Friday night I went to a political rally, and didn’t even get a T-shirt.
I traveled almost two hours, one-way, to attend a rally for presidential hopeful Donald Trump. All of my friends, to a person – saving the friend I went with to the event – questioned my sanity.
If I am anything, I am pragmatic. The purpose of this trip was to get a first-hand impression of a man who is making a serious run for the job of World Leader. To do that, I needed to hear his message for myself.
I don’t believe half of what I hear, and even less of what I read or get second-hand. I’ve learned that anyone can be made to sound like a genius or a madman, when the truth is somewhere in-between. Still, I am no closer to being a Trump supporter than I was before.
I liken this trip to my singular trips to Biloxi casinos, and a three-day music festival earlier this summer in Gulf Shores. I’ve never been to a political rally, but now I can say I have, and I don’t ever have to do it again.
Reports estimate the crowd was close to 30,000. I think that is accurate. Granted, the crowd was cordoned off to maximize how full the stadium would appear on camera, but the stands were packed with people of all socio-economic states, babies to the elderly, all races, all genders, fans and foes. Some were dressed in red, white and blue. Some carried signs, and shook patriotic pompoms. There was dancing and singing. It was a rock concert atmosphere. All it lacked was an inflated beach ball batted around in the mosh pit.
When I first considered going to this rally, and about the person it was supporting, I simply couldn’t pass up the opportunity. The only things I think I know about Donald Trump are what the media has spoon fed me. I get soundbites and truncated quotes.
On our drive home from the event, my friend and I listened to radio coverage of the rally. It was as if the pundits were reporting on a different event than the one we just attended.
Yes, Trump is over the top. Yes, he is unashamedly impressed with himself, and yes, he is so NOT politically correct. It is those things that resonated with the people sitting around us in that football stadium in a poor neighborhood in Mobile, AL. There were constant shouts of agreement, and boos on cue when Trump mentioned hot topics like “anchor babies” and Hillary Clinton.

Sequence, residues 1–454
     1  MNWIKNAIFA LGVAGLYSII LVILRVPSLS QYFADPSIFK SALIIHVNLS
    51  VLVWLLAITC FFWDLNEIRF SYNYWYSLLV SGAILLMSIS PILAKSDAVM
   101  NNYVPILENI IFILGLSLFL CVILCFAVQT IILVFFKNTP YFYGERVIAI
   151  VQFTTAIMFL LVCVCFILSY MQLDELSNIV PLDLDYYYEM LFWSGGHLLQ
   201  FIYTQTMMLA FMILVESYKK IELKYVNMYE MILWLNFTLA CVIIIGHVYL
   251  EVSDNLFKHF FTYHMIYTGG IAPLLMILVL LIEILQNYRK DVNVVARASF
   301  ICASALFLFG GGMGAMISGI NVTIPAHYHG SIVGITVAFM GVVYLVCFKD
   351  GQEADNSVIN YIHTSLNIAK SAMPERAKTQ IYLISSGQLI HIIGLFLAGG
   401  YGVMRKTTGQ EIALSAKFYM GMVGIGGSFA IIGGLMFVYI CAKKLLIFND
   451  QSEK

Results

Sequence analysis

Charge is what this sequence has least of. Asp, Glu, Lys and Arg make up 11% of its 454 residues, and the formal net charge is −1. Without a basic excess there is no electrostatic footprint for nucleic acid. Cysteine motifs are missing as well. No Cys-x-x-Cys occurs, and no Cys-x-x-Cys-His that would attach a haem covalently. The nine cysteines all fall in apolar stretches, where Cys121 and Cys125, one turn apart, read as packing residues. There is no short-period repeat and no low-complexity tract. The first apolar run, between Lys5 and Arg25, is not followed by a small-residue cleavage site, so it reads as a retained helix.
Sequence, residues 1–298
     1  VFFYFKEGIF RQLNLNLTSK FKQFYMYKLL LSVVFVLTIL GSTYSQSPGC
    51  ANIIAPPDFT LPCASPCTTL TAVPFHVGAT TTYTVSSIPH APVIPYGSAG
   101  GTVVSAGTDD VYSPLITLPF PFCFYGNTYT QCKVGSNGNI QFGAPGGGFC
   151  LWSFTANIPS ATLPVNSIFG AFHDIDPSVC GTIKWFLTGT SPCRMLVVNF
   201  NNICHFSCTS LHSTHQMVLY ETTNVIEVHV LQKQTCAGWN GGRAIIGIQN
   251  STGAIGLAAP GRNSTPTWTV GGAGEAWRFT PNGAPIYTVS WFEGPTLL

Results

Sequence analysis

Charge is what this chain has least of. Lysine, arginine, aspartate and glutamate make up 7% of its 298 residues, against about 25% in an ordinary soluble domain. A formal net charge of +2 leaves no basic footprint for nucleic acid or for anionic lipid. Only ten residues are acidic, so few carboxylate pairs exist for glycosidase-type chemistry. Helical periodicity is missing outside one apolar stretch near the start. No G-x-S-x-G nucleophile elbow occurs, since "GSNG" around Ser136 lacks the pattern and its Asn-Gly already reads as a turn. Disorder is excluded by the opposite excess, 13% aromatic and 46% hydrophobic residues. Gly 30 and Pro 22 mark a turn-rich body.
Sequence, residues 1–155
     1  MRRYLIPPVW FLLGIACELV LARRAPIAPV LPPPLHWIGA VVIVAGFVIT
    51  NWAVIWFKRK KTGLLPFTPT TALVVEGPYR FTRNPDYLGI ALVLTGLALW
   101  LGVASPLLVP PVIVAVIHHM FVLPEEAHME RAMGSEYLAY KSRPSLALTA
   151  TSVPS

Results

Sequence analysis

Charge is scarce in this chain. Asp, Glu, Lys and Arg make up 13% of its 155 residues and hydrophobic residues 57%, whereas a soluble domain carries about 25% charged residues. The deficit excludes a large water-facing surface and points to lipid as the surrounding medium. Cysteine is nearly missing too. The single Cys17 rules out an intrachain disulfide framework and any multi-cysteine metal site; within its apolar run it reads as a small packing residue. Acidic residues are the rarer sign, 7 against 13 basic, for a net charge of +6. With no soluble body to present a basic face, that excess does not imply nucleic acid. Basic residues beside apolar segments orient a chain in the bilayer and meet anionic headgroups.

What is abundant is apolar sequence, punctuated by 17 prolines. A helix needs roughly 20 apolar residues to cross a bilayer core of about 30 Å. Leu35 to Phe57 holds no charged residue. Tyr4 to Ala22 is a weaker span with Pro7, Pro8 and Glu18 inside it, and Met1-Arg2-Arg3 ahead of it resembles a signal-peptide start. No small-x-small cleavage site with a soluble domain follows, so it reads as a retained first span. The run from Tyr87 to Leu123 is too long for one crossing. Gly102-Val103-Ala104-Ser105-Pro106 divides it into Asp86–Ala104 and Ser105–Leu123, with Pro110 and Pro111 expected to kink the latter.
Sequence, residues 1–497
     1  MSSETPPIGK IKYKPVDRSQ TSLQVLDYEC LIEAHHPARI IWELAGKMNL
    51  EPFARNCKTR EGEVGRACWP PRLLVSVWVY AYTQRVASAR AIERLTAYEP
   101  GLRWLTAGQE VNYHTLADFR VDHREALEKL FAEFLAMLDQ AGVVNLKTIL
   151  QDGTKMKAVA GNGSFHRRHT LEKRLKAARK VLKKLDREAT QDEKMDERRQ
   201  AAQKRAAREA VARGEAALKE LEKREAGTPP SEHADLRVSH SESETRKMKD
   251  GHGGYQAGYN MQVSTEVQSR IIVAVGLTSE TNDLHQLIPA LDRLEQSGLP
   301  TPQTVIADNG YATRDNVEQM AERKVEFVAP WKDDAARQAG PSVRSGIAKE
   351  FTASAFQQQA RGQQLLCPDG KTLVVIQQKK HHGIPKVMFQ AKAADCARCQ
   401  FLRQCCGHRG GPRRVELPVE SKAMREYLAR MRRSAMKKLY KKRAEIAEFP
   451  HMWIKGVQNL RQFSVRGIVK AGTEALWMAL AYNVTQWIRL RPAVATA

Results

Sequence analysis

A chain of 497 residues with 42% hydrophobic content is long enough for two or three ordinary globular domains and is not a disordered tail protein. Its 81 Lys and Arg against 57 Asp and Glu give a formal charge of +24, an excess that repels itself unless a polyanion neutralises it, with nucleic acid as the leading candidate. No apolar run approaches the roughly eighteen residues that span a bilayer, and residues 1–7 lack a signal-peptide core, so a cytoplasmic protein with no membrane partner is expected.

He says what many of them think, but who are more restrained about saying it out loud. He doesn’t care what you think of his candor. He believes in what he expounds, and is in a “take no prisoners” position. He claims that his campaign is not taking any donations from lobbyists, and that he owes no one any political favors.
From where I sat, it wasn’t so much that Trump put forth outlandish proposals, it’s that his level of confidence and bravado was not a normal Washington persona. He doesn’t have a “politically correct” bone in his body. His elementary school record must have had a frowny face sticker with a note – “doesn’t play well with others.”
During his speech, Trump talked about immigration, supporting our military, negotiating with foreign leaders, the economy, Nabisco and Ford, Jeb Bush, Caroline Kennedy, and his plans to “Make America Great Again!” He spoke of foreign leaders in terms of business associates and not people to tiptoe around, and of industry CEOs like subordinates to subjugate.
He talked for more than an hour, in what often sounded like extemporaneous rambling, telling anecdotes, dropping names, and bragging/not bragging.
The other Republican candidates have to step up their game. They have to answer to their constituents’ demands for serious changes in how our government does its job, changes that Trump promises he can achieve. Even if he isn’t named the party nominee, I can already see him being an incontrovertible squeaky wheel in the Washington machinery.
After hearing Trump speak, I can understand the appeal of his message even if I can’t endorse it. I’m glad I went to the rally. What I learned will make my vote a little easier come next November.